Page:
Last week the European Parliament's influential International Trade Committee recommended that members of the Parliament vote against adopting the Anti Counterfeiting Trade Agreement (ACTA) but the recommendation has prompted an angry backlash from trade groups representing the content industries including the record labels international body the IFPI who said in statement "The recommendation by the European Parliament's International Trade Committee that the Parliament should reject ACTA is a disappointment to Europe's creative, innovative and manufacturing sectors, which employ over 120 million people across Europe and depend on intellectual property to support and grow their businesses" and added "More than 130 organisations representing the breadth of European industry have urged the European Parliament to wait for the opinion of the Court Of Justice of the European Union before taking a final decision on the treaty. A vote to follow the INTA recommendation and to reject ACTA now would be to ignore the voices of industry, unions, employees, the Commission, the Council and Member States. ACTA should be given careful and responsible consideration before a decision that will have significant effects on the EU's trade relationships and economy". Nineteen MEPs on the Trade Committee voted against adopting ACTA, with twelve in favour.
Elsewhere, Wikipedia founder James (Jimmy) Wales has come out in support of Richard O'Dwer, the 24 year old multimedia student at Sheffield Hallam University who set up TVshack.net, making some £140,000 in the process, and who is now facing extradition from the UK to the USA on copyright infringement charges. Wales has said O'Dwyer is the "human face" of the global battle over the interests of the film, TV and movie industries and the wider public, which led to the public outcry over the proposed PIPA and SOPA (the USA's Protect Intellectual Property and the Stop Online Piracy Acts). The Guardian has a front page story and has dedicated two pages to O'Dwyer's battle in today's newspaper which can be found here (Knock on the door that could lead to 10 years in US jail for film fan).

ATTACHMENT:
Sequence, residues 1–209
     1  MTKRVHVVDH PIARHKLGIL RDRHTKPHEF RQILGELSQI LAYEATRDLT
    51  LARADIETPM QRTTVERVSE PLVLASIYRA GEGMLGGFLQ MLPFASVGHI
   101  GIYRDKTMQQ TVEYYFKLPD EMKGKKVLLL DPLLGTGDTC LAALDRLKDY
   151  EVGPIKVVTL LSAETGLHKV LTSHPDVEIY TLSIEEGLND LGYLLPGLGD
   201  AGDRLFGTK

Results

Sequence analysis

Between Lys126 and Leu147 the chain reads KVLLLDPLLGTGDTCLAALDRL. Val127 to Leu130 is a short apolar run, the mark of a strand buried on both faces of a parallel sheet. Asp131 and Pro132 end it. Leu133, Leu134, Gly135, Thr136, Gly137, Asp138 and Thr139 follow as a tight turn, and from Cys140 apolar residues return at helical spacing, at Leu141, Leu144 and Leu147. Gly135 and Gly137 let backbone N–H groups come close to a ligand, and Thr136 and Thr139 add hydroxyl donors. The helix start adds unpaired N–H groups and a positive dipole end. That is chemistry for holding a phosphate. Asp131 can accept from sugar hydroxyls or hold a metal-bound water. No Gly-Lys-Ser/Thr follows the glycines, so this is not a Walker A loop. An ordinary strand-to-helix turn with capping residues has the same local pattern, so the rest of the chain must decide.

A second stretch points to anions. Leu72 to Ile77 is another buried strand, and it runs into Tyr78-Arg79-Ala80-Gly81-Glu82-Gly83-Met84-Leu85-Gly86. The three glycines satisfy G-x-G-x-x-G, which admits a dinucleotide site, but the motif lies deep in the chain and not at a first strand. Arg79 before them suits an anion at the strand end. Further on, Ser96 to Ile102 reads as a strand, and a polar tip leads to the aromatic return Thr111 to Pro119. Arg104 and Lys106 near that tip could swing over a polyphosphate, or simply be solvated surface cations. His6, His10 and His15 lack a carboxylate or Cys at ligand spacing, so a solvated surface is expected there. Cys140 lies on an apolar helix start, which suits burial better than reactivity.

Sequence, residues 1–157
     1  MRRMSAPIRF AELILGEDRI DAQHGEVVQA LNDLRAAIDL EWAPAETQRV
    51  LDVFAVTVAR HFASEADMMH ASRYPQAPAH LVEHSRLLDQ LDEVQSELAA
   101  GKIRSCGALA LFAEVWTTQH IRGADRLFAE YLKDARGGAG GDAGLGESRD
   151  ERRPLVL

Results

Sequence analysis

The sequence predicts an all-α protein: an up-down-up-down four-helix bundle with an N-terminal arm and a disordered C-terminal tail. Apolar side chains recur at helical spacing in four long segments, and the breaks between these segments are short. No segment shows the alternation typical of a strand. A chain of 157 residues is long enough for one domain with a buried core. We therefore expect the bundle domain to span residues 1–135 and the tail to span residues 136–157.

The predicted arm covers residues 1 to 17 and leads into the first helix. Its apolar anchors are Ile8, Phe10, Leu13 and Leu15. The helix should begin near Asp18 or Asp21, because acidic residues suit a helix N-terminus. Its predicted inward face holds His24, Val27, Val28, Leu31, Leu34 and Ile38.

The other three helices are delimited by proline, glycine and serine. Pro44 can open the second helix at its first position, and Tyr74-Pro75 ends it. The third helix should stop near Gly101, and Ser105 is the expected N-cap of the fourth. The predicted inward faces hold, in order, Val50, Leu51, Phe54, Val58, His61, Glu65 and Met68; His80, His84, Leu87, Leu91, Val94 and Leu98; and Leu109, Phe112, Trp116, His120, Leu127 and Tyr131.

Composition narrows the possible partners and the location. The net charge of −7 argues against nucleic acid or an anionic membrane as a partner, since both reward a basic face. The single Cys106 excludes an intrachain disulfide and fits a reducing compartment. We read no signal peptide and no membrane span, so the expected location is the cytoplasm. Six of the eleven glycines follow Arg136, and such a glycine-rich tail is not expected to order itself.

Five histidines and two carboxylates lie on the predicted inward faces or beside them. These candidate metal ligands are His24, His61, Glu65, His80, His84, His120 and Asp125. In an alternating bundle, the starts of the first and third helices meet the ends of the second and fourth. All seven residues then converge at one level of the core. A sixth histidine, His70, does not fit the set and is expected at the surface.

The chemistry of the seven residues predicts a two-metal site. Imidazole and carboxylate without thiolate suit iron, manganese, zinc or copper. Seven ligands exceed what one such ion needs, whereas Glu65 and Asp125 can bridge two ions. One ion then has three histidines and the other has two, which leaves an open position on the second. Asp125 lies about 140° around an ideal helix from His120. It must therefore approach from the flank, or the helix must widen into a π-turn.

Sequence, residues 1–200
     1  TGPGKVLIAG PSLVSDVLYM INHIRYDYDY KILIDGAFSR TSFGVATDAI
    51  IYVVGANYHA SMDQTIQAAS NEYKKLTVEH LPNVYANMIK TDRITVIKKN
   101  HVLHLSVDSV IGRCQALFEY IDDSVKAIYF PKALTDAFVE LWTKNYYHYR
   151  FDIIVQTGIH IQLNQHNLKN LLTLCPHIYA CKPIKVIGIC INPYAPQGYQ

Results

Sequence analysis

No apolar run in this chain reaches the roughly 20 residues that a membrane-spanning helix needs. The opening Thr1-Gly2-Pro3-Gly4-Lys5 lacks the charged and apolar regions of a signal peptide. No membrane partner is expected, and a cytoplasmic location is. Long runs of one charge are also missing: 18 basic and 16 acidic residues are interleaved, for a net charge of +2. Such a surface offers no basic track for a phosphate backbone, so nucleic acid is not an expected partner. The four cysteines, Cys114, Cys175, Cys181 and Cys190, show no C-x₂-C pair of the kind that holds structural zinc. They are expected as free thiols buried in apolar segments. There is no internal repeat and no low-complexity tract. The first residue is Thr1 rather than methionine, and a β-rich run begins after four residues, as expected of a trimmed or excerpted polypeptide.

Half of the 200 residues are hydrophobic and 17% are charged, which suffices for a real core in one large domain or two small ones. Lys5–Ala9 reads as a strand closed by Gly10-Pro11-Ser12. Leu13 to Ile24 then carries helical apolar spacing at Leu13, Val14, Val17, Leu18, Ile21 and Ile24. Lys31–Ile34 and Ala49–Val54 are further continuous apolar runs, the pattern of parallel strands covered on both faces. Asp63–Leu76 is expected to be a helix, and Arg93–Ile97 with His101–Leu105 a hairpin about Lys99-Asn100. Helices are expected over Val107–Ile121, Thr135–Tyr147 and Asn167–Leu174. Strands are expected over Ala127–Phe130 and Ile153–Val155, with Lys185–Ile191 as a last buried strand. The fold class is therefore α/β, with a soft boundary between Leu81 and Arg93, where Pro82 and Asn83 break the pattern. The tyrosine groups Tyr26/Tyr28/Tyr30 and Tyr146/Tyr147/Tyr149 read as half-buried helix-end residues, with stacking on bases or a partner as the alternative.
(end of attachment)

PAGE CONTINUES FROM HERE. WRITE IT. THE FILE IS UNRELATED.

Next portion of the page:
I received an email comment which is worth repeating - "the smoking gun is in the small print - O'Dwyer faces extradition and a potential sentence of up to 10 years simply for letting people in the UK find somewhere to watch Iron Man 2 BEFORE ITS RELEASE. "
It's very curious that O'Dwyer can face extradition for allegations of something -- contributory infringement -- which would appear not to be a criminal offence, neither in the UK nor the USA.
Can any of the 1709ers explain?
A commentary from anti-ACTA group EDRi on the pro-ACTA lobbying:
Anyone who thinks the European Parliament has been giving ACTA anything less than "careful and responsible consideration" can't have been paying much attention:
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